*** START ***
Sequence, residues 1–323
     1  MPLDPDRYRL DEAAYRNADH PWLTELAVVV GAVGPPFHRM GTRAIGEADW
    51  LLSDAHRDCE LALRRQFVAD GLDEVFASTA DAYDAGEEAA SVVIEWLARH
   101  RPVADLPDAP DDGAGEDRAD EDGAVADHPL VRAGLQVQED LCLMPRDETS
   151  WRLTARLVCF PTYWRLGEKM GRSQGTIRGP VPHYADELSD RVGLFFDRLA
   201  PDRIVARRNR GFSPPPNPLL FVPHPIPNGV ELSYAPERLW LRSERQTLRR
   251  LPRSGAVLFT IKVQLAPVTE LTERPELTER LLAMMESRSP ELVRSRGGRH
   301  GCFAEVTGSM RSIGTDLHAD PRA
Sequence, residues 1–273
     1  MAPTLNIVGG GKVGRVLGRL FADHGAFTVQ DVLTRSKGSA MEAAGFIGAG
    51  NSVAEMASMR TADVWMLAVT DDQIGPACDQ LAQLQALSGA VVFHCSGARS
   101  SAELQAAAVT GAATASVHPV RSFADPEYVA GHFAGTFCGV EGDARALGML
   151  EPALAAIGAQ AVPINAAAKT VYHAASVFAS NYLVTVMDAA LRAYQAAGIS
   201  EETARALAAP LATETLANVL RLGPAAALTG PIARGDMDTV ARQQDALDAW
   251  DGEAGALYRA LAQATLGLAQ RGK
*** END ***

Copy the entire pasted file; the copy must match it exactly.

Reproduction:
Sequence, residues 1–323
     1  MPLDPDRYRL DEAAYRNADH PWLTELAVVV GAVGPPFHRM GTRAIGEADW
    51  LLSDAHRDCE LALRRQFVAD GLDEVFASTA DAYDAGEEAA SVVIEWLARH
   101  RPVADLPDAP DDGAGEDRAD EDGAVADHPL VRAGLQVQED LCLMPRDETS
   151  WRLTARLVCF PTYWRLGEKM GRSQGTIRGP VPHYADELSD RVGLFFDRLA
   201  PDRIVARRNR GFSPPPNPLL FVPHPIPNGV ELSYAPERLW LRSERQTLRR
   251  LPRSGAVLFT IKVQLAPVTE LTERPELTER LLAMMESRSP ELVRSRGGRH
   301  GCFAEVTGSM RSIGTDLHAD PRA
Sequence, residues 1–273
     1  MAPTLNIVGG GKVGRVLGRL FADHGAFTVQ DVLTRSKGSA MEAAGFIGAG
    51  NSVAEMASMR TADVWMLAVT DDQIGPACDQ LAQLQALSGA VVFHCSGARS
   101  SAELQAAAVT GAATASVHPV RSFADPEYVA GHFAGTFCGV EGDARALGML
   151  EPALAAIGAQ AVPINAAAKT VYHAASVFAS NYLVTVMDAA LRAYQAAGIS
   201  EETARALAAP LATETLANVL RLGPAAALTG PIARGDMDTV ARQQDALDAW
   251  DGEAGALYRA LAQATLGLAQ RGK